The short answer is “Yes! Seatbelt use is allowed as evidence of negligence in an auto accident.”
Under Texas Rules of Evidence 402, civil courts in Texas allow most relevant evidence to be heard in a lawsuit.
Until February 13, 2015, Texas court rulings stated that a driver’s failure to wear a seat belt could not be admitted as evidence to decide a Texas auto accident lawsuit.
However, as part of Texas’ shift to partial fault in deciding lawsuits, that rule was overturned by the Texas Supreme Court ruled in Nabors v. Romero. In Nabors v. Romero, the Court ruled that not wearing a seatbelt could be evidence that a driver was careless (negligent), and partly at fault.
Under Texas law, any money someone receives in a negligence lawsuit is reduced if that person is at fault. So if a driver is 20% at fault and has $1000 in repair costs and medical bills, the driver receives only 80% of that money ($800).
In Texas, a driver who is more than 51% percent at fault cannot receive any money in a lawsuit for injuries, even if the other driver was also partly at fault.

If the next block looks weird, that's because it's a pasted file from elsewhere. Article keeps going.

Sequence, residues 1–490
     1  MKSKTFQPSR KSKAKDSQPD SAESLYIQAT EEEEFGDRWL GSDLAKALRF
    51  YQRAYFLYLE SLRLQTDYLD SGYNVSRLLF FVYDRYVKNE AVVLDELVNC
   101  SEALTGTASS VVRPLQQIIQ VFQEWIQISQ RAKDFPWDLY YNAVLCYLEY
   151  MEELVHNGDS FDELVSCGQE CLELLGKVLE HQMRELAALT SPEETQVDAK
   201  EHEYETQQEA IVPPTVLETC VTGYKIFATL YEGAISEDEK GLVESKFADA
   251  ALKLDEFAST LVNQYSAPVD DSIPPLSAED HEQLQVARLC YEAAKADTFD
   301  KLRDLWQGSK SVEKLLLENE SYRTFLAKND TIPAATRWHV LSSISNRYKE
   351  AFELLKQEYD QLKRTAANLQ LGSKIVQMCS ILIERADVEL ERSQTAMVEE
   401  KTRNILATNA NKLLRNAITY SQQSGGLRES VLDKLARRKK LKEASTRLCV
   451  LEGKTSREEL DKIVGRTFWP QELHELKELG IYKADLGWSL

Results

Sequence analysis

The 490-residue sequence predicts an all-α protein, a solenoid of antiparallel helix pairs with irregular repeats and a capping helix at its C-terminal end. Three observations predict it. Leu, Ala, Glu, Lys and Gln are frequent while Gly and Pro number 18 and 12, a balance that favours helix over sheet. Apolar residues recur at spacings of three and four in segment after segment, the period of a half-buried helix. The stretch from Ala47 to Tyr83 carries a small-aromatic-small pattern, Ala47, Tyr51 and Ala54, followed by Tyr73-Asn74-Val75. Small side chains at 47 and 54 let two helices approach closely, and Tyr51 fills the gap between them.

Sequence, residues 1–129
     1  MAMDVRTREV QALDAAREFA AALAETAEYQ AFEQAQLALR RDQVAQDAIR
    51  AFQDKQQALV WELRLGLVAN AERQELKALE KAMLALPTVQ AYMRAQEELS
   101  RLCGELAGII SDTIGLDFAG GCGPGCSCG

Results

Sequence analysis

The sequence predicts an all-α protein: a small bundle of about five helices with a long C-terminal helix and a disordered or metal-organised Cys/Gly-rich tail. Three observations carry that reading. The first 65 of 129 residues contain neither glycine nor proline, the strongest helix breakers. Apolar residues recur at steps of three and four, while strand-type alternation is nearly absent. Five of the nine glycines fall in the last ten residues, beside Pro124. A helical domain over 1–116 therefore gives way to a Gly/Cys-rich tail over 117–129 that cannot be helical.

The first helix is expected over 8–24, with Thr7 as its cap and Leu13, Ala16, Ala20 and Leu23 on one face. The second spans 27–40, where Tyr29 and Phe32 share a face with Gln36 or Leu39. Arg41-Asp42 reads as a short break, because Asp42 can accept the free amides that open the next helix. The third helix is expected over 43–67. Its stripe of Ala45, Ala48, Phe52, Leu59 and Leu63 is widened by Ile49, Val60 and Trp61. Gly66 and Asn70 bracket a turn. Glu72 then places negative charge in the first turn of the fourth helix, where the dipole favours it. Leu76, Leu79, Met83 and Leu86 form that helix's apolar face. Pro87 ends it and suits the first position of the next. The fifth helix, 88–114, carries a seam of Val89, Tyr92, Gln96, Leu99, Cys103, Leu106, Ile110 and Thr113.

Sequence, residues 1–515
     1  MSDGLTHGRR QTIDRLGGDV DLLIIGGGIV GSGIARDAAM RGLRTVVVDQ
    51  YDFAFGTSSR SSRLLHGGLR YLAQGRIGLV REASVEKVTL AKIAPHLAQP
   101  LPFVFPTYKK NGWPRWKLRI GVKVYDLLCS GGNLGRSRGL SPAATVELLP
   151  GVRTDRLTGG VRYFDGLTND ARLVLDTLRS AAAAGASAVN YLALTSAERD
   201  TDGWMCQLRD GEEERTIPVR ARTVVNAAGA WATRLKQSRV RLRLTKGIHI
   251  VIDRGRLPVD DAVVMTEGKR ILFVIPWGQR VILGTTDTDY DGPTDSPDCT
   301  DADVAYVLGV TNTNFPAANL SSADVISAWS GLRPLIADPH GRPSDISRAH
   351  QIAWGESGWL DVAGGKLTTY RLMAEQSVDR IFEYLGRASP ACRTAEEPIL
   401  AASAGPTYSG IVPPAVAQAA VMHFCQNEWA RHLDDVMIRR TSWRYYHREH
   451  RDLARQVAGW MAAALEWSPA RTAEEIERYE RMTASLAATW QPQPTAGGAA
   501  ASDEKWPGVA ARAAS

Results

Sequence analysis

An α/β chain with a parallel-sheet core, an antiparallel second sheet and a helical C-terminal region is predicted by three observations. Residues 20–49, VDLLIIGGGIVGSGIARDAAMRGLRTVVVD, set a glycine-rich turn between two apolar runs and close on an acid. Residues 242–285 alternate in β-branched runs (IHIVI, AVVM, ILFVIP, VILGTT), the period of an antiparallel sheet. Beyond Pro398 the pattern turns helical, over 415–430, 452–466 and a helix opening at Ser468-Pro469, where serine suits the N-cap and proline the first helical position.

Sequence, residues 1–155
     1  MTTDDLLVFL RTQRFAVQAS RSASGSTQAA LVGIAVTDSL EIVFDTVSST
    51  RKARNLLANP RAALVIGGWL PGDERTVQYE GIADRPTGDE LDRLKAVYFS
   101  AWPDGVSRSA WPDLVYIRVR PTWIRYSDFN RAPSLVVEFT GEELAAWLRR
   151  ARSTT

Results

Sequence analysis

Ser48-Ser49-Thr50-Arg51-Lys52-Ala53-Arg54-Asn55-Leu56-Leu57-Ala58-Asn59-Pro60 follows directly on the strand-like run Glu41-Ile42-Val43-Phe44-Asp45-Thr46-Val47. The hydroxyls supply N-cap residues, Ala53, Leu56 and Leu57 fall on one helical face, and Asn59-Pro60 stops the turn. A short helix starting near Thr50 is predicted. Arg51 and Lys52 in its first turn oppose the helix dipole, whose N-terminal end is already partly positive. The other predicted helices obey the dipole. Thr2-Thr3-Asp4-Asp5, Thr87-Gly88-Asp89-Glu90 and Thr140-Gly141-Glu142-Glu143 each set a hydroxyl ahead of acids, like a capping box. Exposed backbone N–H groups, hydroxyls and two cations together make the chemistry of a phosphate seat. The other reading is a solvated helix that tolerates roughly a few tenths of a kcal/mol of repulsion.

For example, in the case of Nabors v. Loera, the Texas Supreme Court followed Nabors v. Romero by allowing evidence that injured passengers had not worn seat belts.
The Court then ruled that not wearing a seat belt was negligent, and because of that carelessness, the injured passengers received no money for the injuries.
If you have been injured in an Texas auto accident and were not wearing your seatbelt, you need to know your rights. Contact Justinian & Associates for a free and confidential consultation with a real personal injury attorney (not a screener). We’ll hear your story, and explain your options under Texas state law.